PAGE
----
The night I returned home from three months in Paris I had a dream: I was arriving back in Paris and I said, “I’m back, I’m finally back.”
That winter I woke up in the evening, my roommates were gone for the break and I kept one room warm in the top of the house. Mine was the only light in the neighborhood. I would be awake the whole night, depressed, and during the day I’d sleep and I’d dream, “I’m back, I’m finally back.” I didn’t see daylight for a week.
But things got better, as they do, and I met a girl who I’d known for a year. We secretly danced in the dark under trees. We fell asleep tangled in her bed and then I’d dream about being in Paris, being back, finally back.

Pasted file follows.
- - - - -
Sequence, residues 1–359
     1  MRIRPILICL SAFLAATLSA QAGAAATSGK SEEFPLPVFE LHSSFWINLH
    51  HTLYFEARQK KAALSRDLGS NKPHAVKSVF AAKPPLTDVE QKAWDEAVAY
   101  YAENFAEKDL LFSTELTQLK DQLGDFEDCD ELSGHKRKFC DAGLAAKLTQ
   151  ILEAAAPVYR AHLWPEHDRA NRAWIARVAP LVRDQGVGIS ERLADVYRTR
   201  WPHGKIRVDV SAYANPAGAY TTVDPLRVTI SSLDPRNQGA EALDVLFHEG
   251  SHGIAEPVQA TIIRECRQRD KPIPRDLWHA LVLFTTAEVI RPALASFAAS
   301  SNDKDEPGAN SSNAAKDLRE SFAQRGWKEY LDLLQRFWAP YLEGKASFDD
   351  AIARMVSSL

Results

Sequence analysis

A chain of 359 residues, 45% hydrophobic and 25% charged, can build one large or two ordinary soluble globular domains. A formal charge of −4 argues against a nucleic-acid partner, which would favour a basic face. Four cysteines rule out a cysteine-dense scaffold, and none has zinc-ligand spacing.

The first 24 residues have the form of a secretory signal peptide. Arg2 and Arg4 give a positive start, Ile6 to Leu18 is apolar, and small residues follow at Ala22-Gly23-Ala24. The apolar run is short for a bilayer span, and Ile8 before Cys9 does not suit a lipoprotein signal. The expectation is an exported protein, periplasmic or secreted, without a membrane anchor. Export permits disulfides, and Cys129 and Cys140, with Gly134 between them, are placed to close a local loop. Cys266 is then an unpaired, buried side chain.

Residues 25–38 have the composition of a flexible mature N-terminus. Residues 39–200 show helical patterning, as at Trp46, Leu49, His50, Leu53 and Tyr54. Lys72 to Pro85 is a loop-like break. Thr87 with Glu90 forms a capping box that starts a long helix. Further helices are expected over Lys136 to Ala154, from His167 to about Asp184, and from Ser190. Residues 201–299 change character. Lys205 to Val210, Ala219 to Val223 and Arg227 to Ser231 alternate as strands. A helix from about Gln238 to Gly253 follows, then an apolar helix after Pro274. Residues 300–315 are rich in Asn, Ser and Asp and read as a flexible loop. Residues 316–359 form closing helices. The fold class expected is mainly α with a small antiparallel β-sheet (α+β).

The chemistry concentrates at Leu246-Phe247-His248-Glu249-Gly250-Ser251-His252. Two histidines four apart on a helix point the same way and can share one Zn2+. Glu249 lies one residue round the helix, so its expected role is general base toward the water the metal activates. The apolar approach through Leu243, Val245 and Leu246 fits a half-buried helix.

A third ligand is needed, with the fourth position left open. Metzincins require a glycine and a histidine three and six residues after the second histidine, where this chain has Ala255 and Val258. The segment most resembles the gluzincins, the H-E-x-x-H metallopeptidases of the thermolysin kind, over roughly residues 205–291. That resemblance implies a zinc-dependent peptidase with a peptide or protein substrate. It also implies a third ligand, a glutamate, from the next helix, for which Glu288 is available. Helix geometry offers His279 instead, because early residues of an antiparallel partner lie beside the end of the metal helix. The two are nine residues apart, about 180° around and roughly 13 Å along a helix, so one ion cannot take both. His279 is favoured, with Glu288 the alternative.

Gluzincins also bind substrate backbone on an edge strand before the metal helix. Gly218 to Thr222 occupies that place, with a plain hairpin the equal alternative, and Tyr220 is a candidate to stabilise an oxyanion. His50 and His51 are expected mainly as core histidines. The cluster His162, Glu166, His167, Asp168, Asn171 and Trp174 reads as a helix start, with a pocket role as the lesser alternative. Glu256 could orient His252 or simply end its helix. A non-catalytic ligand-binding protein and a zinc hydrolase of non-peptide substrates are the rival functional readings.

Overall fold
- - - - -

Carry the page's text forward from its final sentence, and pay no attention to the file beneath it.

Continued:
I’m sure I studied around this time because I remember walking to German class in the snow and swearing at it for visiting Seattle in March. I took the class because I’d met a German in Paris and schemed to go back and woo her with my painful conjugation of simple verbs. But the scheme faded as the snow melted and I kept waking up tangled with the girl on white sheets, waking from the Paris dream again and again.
I had the same dream, warmer, later in the Spring, after we fought about nothing and I walked home alone, looking up at the trees drip in the rain. We had fought about the world: I thought it was incurably sick, while she was more optimistic, and I slept alone, tangled in sheets in my warm room.